Two years after Elder first visited Darlene, that defeatism has vanished. Once she moved from public housing into a subsidized private apartment—and faced the requirement to work—Darlene did indeed start working again. In fact, she has a far better job than she ever had: cleaning airplanes at Atlanta’s international airport. (“I’d never even been on an airplane before,” Darlene told Elder.) With her own circumstances and living situation improved, she has encouraged her sons, whom Elder describes as “smart” and “athletic,” to stay in school, and the elder of the two has been nominated for a selective Atlanta program for public school students displaying leadership qualities and academic promise.

Most instructive about Darlene’s story are the many steps over many months that helped it come to pass. Elder insisted that Darlene attend a job fair—to prepare for which Elder went to a local discount store, Value Village, to buy an outfit for her to wear, since Darlene had always worn either sweatpants or her fast-food uniform. Darlene had to give up her marijuana habit to pass her new employer’s drug test and get the airport security badge that she now sports with pride. Elder taught her how to apply makeup and lip gloss, how to prepare for a job interview, and how to put together a résumé. Darlene, like all the clients, had to write down a “family wealth plan”—a list of goals (“educational, employment, family development, financial, health, and personal development”) and “steps needed to achieve goals.”

Such questions about goals and plans—which get at the essence of how to escape the underclass—didn’t fall on immediately receptive ears. Urged to think about her future, Darlene erupted, “All that’s easy for you to say—you’re white!” The outburst stunned Elder, who was not only darker-skinned than her client but had herself been a teenage mother in Atlanta before earning a counseling degree from Georgia State. “Just because I’m married and drive a Honda Civic, now I’m white,” she says. Her colleagues join her bemused laughter. I ask them whether, from the perspective of the projects, Barack and Michelle Obama are white. “Definitely,” one says. “Success is white,” says another, “except for athletes and rap stars.” The FSCs’ challenge is to make clear that in America, success isn’t simply the result of privilege. Raines uses herself as an example: she tells her clients that “they can achieve, just as I did.”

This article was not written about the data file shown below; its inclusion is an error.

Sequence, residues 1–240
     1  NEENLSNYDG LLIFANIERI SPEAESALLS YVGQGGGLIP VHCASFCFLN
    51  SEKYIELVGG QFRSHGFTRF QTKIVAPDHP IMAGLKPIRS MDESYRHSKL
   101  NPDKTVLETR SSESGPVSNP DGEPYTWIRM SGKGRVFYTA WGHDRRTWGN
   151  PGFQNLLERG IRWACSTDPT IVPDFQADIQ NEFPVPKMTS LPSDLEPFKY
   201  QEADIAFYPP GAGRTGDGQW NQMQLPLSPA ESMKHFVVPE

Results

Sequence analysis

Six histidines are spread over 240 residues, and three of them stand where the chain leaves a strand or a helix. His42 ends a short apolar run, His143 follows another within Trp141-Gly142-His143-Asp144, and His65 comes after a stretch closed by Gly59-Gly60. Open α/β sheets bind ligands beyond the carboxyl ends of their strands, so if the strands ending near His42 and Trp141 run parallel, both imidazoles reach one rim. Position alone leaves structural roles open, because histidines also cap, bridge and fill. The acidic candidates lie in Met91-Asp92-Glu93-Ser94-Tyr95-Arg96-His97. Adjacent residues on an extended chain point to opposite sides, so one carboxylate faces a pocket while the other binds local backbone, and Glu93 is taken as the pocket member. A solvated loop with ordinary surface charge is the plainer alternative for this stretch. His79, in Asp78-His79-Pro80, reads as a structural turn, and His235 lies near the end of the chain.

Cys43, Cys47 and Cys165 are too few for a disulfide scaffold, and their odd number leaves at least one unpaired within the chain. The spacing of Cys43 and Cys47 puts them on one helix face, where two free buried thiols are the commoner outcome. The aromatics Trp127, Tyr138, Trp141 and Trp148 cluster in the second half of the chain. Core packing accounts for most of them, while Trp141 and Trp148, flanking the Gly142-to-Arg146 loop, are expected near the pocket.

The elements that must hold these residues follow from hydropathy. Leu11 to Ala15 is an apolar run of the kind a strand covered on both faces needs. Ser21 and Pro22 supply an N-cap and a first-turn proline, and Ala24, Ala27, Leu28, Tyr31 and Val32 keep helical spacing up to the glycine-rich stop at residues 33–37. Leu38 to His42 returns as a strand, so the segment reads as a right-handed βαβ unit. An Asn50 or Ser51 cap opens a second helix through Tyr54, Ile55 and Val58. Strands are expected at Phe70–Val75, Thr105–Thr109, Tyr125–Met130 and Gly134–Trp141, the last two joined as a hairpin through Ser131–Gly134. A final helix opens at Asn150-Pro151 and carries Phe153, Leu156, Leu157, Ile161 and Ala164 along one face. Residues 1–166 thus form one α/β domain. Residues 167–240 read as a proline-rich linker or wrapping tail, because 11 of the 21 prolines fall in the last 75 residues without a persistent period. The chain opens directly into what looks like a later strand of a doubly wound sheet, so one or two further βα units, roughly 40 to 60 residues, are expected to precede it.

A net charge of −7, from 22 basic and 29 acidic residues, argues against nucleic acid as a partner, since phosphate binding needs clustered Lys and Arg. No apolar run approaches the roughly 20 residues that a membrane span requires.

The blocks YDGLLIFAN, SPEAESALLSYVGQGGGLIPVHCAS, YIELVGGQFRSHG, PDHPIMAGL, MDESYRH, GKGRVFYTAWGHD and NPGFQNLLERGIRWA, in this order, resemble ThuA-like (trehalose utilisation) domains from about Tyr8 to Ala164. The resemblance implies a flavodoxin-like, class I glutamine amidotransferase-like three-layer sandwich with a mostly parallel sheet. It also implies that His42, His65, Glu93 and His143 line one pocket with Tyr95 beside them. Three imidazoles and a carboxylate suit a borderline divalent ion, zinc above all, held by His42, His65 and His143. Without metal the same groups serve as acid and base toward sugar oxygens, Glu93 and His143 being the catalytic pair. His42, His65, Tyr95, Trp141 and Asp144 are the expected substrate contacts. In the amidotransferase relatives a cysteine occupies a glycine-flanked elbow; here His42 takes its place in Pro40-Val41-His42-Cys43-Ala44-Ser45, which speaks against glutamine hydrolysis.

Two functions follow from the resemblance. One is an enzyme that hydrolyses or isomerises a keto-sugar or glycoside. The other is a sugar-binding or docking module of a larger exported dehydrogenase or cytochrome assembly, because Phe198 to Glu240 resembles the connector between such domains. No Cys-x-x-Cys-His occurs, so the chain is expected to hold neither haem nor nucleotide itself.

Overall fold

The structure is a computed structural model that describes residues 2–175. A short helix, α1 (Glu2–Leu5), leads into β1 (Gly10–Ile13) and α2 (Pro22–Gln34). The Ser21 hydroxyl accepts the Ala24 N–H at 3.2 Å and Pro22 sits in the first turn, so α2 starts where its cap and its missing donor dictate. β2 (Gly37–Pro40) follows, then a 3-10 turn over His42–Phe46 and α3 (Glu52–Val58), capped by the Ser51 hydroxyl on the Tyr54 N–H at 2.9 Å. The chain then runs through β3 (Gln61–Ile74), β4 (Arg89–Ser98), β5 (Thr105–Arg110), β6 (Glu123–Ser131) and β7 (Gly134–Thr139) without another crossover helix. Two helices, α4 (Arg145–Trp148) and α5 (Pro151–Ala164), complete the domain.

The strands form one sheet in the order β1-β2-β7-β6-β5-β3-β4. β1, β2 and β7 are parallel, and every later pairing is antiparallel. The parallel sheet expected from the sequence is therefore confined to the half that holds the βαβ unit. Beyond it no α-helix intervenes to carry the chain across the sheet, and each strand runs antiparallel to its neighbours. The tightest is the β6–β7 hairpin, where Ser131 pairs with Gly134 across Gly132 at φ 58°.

The stories don’t always have happy endings, of course. Kenya Tyson describes one that “will stick with me for the rest of my life” involving a mother and her six children, formerly of the Hollywood Homes project. State officials took the children away from their mother because of her drug abuse; once the household was reunited, the father of the youngest four raped one of the older two, an act that the mother denies taking place, despite the daughter’s pregnancy. The rape victim is now “making suicidal comments,” says Tyson. “I am currently seeking an in-home certified and clinical counseling agency for the family to deal with these issues. I am also working diligently trying to get the daughter enrolled into an adult literacy class because she is 18 and can’t read and write.”